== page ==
By John Reynolds, campaignlive.co.uk, Wednesday, 03 October 2012 09:37AM
The campaign by DDB UK featured four different executions of models striking poses, dressed in items from the Harvey Nichols Spring Summer 2012 collections.
The creative text stated, "The Harvey Nichols Sale. Try to contain your excitement" next to models with wet patches on their clothes.
In total, the advertising watchdog received 105 complaints, 94 of which believed the ads were offensive, because they implied that the people features in the ads had wet themselves with excitement.
Twenty nine complained that the ads would cause distress and cause serious offence to people with bladder problems.
In its defence, Harvey Nichols acknowledged that its campaign divided opinion, but said it did not believe that it caused serious or widespread offence against generally accepted moral, social or cultural standards.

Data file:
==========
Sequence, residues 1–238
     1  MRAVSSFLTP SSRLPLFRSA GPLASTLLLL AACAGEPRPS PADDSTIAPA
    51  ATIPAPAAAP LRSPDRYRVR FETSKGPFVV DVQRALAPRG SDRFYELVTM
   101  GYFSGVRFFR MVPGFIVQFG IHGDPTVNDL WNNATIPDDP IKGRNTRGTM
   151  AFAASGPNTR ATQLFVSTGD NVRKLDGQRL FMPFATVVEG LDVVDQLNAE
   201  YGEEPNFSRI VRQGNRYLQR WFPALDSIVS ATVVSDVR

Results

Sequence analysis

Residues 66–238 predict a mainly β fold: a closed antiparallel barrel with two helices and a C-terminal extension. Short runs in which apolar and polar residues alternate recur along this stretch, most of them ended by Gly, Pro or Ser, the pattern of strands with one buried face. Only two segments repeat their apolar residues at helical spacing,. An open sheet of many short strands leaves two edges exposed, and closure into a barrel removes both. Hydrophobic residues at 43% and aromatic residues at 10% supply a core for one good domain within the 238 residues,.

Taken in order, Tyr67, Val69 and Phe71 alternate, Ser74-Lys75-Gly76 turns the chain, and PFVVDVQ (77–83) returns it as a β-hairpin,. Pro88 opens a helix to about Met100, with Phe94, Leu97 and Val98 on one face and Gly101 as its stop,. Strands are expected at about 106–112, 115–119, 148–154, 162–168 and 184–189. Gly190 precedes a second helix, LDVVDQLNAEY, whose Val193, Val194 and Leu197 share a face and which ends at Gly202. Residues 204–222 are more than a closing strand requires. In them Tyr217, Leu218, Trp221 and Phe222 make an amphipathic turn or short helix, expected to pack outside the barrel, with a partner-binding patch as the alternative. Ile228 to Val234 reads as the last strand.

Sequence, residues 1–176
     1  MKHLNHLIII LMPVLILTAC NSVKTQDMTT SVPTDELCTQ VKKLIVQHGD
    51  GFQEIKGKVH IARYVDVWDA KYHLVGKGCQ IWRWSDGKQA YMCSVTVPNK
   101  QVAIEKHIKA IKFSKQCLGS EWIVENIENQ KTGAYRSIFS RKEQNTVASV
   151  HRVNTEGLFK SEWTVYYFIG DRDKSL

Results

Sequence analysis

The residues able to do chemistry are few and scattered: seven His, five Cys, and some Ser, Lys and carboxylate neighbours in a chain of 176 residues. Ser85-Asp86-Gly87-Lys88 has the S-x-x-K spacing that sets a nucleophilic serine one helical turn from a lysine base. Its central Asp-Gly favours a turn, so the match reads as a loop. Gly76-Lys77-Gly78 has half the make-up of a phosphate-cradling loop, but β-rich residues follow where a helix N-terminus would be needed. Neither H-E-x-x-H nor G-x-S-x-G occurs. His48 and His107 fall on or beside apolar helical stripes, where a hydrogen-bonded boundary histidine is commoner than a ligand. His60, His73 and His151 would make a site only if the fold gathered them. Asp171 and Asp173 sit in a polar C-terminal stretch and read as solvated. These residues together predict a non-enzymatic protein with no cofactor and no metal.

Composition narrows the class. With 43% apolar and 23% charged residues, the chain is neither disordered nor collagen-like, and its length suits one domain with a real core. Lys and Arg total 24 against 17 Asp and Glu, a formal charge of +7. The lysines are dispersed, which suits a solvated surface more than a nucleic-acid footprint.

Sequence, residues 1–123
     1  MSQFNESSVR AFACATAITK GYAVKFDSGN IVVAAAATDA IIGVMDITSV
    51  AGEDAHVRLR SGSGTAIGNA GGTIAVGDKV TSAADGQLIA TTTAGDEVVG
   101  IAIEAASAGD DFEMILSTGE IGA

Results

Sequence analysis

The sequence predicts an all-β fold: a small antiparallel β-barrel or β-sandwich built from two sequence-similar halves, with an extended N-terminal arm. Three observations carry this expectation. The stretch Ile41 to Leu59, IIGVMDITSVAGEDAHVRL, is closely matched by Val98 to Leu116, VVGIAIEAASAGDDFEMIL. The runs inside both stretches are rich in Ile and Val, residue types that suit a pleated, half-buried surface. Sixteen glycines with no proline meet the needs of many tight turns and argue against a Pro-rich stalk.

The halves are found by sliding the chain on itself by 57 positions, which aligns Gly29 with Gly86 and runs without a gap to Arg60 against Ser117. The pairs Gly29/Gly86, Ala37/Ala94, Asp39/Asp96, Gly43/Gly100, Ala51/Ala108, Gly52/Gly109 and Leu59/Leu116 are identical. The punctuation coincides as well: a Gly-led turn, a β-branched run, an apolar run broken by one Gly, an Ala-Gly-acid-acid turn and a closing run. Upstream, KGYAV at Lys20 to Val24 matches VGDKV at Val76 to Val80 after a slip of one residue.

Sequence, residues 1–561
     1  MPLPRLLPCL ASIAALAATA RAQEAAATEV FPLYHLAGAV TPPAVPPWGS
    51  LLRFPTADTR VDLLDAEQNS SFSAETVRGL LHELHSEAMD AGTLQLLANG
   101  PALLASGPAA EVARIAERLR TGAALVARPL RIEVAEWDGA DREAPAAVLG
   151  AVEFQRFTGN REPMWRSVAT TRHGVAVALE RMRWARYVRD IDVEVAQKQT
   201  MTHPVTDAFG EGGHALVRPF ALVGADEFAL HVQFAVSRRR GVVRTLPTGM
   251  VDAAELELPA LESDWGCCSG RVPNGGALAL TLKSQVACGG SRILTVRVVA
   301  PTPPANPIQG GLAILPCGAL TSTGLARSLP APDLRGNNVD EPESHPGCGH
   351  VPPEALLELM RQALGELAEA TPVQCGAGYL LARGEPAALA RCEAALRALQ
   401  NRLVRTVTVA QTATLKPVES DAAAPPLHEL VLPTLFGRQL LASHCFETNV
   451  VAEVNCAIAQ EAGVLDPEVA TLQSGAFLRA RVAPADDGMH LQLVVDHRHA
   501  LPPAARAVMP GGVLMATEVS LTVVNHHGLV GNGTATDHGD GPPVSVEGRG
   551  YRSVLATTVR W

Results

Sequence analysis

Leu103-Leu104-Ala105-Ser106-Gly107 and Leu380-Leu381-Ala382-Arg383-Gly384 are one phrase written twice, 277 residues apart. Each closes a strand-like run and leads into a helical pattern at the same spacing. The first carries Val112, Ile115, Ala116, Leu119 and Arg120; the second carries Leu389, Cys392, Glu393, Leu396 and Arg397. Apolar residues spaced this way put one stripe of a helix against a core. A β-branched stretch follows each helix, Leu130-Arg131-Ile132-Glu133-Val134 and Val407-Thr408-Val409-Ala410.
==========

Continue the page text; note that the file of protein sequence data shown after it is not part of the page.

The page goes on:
The London Evening Standard, which ran a cropped version of the press ad, said it sought a second opinion from the newspaper’s editor who green-lighted the running of the ad.
The London Evening Standard said it received one complaint about the ad.
The ASA (Advertising Standards Authority) ruled in favour of Harvey Nichols, nothing that the ads would not be seen as making light of people with urinary problems and unlikely to cause serious offence.
The advertising watchdog also noted that the concept of "wetting oneself with excitement" was well known and often used in the media and in speech in a light-hearted manner.Follow @johnreynolds10
This article was first published on campaignlive.co.uk